Erosion: Poetry by Phillip Brian Williams


As you die, a withering
monument, I gather you pore
by pore into my arms.
Collect you and rock the crown
of your offering—night sweats, your
thinning frame, you slipping
through my fingers like battered clay.

I count clusters of onyx petals
inking your flesh,
recumbent roses of night. I soothe
your scoured creases, seams
of skin once soaked
by my spiral tongue

Tomorrow-touch my palm
Map out a path through
valences of silence outlined
in your clairvoyant hands
I will cradle your evicting
house, trembling in its own
crevasse of winter

To barely recognize you by memory alone (body
too quietly disfigured to recollect what once was)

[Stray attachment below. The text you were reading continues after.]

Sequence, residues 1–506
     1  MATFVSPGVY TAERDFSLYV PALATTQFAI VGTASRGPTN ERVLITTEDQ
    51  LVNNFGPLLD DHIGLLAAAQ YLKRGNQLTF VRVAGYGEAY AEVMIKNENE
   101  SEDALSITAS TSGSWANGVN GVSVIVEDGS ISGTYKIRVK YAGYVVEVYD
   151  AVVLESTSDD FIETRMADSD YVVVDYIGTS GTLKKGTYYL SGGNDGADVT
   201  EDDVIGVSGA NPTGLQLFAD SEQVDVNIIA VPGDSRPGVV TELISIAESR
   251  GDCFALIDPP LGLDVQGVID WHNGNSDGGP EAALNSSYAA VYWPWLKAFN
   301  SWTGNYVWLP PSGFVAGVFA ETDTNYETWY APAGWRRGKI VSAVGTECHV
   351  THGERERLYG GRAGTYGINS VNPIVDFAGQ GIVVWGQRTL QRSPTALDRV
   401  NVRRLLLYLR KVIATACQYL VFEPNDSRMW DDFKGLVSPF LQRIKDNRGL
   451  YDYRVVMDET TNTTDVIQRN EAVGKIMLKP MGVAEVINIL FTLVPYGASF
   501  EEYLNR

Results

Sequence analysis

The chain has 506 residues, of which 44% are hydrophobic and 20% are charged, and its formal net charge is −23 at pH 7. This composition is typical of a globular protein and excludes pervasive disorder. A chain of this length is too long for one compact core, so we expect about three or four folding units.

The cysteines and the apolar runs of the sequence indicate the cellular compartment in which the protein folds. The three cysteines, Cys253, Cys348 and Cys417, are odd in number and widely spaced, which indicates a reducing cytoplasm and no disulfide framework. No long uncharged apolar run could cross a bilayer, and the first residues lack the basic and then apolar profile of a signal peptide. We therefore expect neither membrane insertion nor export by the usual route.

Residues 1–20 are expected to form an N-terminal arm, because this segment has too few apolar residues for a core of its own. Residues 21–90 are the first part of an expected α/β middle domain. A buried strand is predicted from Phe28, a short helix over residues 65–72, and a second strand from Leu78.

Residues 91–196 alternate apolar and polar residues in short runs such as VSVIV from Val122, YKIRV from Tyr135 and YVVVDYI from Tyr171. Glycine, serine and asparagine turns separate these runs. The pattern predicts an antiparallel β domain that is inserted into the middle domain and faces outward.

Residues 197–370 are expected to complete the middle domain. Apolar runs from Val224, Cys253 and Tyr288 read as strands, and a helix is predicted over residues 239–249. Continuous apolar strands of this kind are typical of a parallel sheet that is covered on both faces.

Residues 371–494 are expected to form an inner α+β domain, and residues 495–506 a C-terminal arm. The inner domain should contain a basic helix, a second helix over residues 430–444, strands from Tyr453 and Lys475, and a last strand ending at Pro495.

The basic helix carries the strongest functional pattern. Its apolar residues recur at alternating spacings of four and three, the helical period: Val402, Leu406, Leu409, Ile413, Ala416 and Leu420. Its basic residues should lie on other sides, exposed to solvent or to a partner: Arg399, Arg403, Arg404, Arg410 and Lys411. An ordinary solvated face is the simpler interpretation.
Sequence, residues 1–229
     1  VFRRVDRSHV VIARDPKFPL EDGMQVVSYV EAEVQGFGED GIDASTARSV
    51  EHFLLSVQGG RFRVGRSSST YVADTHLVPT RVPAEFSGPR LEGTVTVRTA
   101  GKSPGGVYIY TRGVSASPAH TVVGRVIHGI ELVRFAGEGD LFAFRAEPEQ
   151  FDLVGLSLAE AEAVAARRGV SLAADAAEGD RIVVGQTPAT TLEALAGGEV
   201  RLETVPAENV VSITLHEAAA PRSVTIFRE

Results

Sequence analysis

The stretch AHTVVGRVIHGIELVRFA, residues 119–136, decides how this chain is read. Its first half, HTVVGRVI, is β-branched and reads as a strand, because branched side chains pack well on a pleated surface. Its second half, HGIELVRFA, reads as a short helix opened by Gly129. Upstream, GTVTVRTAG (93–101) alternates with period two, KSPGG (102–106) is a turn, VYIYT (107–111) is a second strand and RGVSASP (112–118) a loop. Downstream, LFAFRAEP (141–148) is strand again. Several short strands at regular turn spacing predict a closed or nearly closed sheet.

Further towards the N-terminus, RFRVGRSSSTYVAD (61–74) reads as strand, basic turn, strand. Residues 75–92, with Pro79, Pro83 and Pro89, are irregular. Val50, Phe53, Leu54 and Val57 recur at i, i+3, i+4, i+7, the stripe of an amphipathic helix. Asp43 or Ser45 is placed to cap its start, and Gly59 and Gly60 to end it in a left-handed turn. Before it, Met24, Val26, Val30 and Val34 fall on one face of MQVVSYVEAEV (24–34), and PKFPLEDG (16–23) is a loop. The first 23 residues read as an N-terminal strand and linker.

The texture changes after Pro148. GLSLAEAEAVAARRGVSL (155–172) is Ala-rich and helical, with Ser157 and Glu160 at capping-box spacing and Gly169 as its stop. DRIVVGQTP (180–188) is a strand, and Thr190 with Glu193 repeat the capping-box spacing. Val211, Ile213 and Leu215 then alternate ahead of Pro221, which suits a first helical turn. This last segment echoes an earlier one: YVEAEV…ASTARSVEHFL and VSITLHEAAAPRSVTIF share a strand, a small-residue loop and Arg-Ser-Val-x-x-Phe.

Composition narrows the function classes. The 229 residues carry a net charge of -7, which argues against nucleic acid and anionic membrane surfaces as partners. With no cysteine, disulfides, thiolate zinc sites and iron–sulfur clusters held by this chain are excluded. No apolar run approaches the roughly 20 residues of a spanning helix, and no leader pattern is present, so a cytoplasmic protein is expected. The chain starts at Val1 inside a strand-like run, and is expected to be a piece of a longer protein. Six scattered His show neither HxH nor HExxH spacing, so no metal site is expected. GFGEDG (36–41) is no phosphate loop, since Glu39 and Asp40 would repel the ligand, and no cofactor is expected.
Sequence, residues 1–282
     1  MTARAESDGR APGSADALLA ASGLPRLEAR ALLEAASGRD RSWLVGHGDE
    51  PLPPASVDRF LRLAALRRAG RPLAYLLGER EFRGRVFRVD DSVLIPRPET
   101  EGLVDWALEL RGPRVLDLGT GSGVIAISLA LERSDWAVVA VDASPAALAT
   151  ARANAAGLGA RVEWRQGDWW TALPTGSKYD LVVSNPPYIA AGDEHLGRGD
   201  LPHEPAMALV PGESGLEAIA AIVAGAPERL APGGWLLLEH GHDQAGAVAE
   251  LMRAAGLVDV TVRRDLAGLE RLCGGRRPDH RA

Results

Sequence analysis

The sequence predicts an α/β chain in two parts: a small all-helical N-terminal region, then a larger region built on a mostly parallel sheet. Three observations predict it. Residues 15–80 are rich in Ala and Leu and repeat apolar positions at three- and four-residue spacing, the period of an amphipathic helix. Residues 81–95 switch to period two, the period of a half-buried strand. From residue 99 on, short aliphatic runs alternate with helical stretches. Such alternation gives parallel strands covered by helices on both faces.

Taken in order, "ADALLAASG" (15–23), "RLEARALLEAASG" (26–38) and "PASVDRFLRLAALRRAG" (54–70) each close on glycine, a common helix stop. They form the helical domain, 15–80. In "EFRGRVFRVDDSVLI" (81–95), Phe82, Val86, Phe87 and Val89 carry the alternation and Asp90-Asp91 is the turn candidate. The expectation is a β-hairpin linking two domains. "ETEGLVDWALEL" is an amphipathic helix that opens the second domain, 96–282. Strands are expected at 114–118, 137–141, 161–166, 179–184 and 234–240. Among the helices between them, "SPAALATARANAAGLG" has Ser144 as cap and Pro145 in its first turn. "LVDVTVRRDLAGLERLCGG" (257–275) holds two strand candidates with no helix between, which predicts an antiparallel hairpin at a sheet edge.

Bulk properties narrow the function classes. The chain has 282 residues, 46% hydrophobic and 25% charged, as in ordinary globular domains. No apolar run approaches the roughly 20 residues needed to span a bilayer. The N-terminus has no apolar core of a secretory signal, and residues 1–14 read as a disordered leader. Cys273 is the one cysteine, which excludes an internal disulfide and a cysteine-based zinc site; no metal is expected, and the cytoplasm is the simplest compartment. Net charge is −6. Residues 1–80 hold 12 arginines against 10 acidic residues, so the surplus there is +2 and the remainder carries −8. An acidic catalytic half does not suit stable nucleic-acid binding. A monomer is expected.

must be suffered through bushel by piercing
bushel, the thorny foliage of failure un-evidenced
in Time’s passage. This hospice allows nothing
private. Not your awakening nor your dreams

of insipid lovers, siblings to
your embattlement. Imperfect
vessels thoroughly wrapped
in secrecy. Had words extended
between lovers like stable batons perhaps
this visit would be innocuous speech
suspended from your earlobe. But regret
is a spoiled child, taffied fingers perched
in his mouth, rotten.

We shall hush this child, embrace
this moment, place
it in an hour glass
sift it to and fro
Watch each infinitesimal grain
fall dismally between cells
as if the final sand
was the hand clenching your collar
demanding you hold on
for another go round

—Phillip Brian Williams

A Chicago, Illinois, resident, Phillip Brian Williams received his BA in English from University of Illinois Urbana-Champaign. He is a Cave Canem fellow with poetry published on

First appeared in the December 2008 issue.